Authors: Steven Harenberg and Amy Becker

The total solar eclipse taking place across a thin band of the United States on April 8, 2024, is going to be a stellar event. In this post, we will help plan a journey to see the total solar eclipse. We will use algorithms available in the NETWORK procedure and action set in SAS Viya to solve various path problems over the United States road network.

A total eclipse is a truly rare and special event, occurring only about once every 18 months somewhere in the world. Each occurrence produces a narrow viewing path, and this year, the path of totality spans a thin band of roughly 110 miles wide, stretching from Mexico to the northeast of the United States and southeast of Canada. The next total solar eclipse that will be seen from the contiguous United States will not be until the year 2044. In short, this is a once-in-a-lifetime event that you do not want to miss!

The closer you are to the center of the path of totality, the more unique and awe-inspiring your experience will be. You will be in the complete shadow of the moon, called the umbra, and witness the cool features that happen only during the total eclipse. Outside of this path of totality, you will see a partial eclipse. It's literally a night and day difference.

Unless you live inside the path of totality, you will have to travel to see the total eclipse. Fortunately, we have the SAS Network Action Set, a powerful tool that can help you plan your journey to view this magnificent event. This Python notebook has all the necessary components for the following examples, making your planning process easier and more efficient.


Several publicly available data sources can help plan for the journey. The key components for this application are the road network and the geometry representing the path of totality. NASA has shapefiles available that provide the geometries for the path of the totality.

For the road network, map data is from Open Street Maps (OSM), that is made available here under the Open Database License (ODbL). The Python package OSMnx (Boeing, G. 2017) is an open source toolkit for conveniently retrieving, converting, and analyzing OSM data as graphs. Check out this Python notebook for more details related to OSM and some other examples.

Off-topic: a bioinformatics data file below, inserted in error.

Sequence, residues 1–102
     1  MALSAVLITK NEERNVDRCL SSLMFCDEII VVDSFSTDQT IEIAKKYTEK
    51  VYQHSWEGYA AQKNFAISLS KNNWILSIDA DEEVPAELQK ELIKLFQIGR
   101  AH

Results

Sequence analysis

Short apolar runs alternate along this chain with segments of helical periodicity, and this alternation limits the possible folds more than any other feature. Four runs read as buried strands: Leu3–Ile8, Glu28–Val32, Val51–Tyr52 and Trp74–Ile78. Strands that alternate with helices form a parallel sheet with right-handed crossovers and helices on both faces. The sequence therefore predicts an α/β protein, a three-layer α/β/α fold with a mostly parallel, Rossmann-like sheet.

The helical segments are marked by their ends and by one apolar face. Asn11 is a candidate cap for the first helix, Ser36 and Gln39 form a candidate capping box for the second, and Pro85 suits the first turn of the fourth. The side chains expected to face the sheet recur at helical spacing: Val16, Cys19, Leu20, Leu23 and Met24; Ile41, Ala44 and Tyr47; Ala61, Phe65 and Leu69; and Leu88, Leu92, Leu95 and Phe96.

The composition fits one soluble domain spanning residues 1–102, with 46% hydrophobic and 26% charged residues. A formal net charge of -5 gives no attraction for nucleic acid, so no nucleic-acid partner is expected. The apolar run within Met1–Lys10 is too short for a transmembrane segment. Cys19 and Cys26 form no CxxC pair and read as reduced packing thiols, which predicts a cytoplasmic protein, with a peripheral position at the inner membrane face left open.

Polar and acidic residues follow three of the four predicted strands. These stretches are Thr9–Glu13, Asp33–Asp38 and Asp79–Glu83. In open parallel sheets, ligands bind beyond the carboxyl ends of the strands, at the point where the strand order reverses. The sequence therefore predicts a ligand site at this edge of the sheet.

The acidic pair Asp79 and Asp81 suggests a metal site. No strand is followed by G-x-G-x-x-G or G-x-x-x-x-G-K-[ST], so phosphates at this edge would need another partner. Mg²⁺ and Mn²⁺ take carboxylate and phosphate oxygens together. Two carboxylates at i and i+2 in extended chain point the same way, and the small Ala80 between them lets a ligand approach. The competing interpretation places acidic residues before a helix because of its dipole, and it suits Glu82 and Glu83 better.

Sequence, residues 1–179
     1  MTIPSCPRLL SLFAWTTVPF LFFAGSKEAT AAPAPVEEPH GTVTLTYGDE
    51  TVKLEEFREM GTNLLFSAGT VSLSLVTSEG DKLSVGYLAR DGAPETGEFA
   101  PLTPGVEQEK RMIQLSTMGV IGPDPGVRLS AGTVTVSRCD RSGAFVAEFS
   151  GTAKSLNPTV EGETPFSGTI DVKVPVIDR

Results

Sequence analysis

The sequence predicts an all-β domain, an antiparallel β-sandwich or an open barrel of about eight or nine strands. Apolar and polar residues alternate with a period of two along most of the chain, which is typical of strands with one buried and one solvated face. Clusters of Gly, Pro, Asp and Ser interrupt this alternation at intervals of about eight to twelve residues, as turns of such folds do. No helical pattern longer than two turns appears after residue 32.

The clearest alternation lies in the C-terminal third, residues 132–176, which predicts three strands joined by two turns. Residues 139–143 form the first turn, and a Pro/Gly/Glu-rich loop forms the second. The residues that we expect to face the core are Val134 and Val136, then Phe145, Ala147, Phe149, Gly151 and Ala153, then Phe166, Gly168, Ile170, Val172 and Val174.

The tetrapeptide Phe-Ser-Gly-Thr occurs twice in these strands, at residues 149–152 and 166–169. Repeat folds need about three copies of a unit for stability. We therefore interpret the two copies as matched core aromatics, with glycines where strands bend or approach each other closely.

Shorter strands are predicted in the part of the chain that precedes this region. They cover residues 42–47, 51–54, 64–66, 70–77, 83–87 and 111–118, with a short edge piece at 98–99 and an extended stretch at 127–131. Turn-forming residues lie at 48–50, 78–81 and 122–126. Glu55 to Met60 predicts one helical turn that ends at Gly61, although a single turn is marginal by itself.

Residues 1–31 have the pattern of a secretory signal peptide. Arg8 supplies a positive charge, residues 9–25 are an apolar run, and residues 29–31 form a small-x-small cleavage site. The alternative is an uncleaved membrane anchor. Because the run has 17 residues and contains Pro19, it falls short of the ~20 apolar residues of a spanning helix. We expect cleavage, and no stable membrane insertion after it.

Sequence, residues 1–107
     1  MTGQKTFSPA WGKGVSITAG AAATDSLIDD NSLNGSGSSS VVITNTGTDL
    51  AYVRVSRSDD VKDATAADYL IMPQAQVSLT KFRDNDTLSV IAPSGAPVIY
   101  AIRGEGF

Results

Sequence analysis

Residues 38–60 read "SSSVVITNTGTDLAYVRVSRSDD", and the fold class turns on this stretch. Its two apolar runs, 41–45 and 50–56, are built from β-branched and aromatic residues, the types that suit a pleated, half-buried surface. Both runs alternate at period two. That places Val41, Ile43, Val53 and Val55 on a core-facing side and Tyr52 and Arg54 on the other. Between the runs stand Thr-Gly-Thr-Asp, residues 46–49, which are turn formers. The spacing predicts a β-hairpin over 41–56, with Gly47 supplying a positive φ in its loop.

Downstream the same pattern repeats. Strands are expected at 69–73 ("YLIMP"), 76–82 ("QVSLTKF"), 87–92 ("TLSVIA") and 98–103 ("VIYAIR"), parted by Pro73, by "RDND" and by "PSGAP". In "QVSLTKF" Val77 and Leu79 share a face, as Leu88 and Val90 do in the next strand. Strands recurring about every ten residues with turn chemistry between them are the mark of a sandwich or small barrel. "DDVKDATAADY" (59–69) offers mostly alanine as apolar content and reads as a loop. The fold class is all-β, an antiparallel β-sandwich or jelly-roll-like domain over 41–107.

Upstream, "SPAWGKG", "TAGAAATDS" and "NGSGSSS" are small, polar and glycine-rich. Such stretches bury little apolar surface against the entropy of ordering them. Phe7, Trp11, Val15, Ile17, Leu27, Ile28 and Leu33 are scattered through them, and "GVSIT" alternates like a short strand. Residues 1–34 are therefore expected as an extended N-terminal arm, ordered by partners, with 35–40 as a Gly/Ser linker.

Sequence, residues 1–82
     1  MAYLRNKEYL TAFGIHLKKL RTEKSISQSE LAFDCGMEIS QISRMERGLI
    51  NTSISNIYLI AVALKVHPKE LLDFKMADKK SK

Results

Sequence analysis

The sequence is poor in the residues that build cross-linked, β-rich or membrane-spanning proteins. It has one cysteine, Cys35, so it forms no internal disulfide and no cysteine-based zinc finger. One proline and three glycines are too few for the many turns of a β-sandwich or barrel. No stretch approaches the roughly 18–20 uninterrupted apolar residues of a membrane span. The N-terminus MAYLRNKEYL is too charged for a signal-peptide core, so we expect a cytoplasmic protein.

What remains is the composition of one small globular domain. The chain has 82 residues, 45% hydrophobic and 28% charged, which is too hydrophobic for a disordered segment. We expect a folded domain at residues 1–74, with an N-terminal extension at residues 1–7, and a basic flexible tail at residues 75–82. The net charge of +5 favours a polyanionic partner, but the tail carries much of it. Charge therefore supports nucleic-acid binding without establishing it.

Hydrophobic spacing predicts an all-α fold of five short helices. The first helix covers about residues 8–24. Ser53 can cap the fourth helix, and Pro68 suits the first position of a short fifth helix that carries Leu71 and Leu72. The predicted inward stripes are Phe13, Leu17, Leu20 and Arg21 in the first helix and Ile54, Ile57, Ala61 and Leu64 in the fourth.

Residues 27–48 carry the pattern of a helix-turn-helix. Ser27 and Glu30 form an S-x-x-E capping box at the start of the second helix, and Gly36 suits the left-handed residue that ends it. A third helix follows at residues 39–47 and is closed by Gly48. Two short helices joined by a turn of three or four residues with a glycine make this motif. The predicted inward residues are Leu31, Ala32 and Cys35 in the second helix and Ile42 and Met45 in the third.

Because we are examining a large-scale routing problem, we do not include residential streets in our road network. We ultimately end up with a network that yields 476,137 nodes and 799,057 links. Each link represents a road, and each node represents an intersection or a dead end. The path of totality and the road network are visualized together in Figure 1.

Figure 1: Path of totality overlaid on the major road network of the United States

Finding the shortest path to totality

We will start our analysis with possibly the most important question: What is the closest spot from which we can view the total eclipse? To solve this, we start by using the shortestPath action in the network Action Set to compute the shortest paths from SAS headquarters in Cary, North Carolina, to all cities in the path of totality. To do this, we set our source node as Cary, NC, and our sink node as every city that is inside the path of totality (around 2,500 cities). The code for this action call is shown in Figure 2 and available in the Python notebook. Then, from the results in the outWeights table produced by the action, we can find the sink node that has the smallest total travel time.

Figure 2: Code snippet showing the shortestPath action call using the Python interface